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all you do is press it down, you use your right foot for switching between brake and gas, the left foot does nothing except pressing that one pedal, you dont need to be coordinated.

As for if youll like it or not, thats usually up to the person. My first car had an automatic and my current car has a manual. I like automatic more, theres less to fiddle with and I dont have to put my drink down to shift if Im at a stoplight and it suddenly turns green. During traffic jams manual's can be infuriating, stopping and going, shifting up and down for just 20 feet, its very annoying. So if you live in a city with a lot of traffic jams then an automatic will be less stressful. Some people like the control of a manual though and hate automatics, automatics sometimes cant figure out what gear they have to be in which can be annoying.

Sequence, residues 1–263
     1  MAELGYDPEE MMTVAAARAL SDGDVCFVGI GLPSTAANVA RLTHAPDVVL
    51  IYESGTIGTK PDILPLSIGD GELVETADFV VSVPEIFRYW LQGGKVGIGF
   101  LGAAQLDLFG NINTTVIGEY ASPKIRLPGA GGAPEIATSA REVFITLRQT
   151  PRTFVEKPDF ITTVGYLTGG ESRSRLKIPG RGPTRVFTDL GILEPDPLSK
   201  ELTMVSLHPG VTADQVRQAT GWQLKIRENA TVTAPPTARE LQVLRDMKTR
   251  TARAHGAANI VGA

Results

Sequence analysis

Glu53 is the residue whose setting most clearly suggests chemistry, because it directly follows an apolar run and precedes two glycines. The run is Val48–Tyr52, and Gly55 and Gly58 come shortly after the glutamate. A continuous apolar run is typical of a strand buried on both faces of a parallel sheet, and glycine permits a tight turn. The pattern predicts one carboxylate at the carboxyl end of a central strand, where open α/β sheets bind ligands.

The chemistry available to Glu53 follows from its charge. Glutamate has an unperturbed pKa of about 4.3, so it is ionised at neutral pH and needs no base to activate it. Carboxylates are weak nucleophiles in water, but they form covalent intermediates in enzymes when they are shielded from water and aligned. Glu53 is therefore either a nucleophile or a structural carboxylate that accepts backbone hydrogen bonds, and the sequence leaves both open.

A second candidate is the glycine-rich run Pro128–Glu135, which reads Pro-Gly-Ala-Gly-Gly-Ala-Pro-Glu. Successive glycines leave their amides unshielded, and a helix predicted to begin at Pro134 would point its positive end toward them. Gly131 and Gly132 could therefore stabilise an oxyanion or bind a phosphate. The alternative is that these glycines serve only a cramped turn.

NeoGohan

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Ah yes, I'm just talking about coordination though, which I am horrible at. I've never used my left foot for anything besides walking...

I'm with you, buddy. haha. Need to learn stick. But no one I know has a stick car that I can learn from or are willing to let me learn from for obvious reasons XD
 

Blueduck577

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I'm with you, buddy. haha. Need to learn stick. But no one I know has a stick car that I can learn from or are willing to let me learn from for obvious reasons XD

Yes, this is pretty much my reason as well. I would also like to learn in the spare time I've got here, as there are no driving schools around.
 

finalgt

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I learned on the drive home from the dealership with my car. That was the first time I had driven stick. Caveats: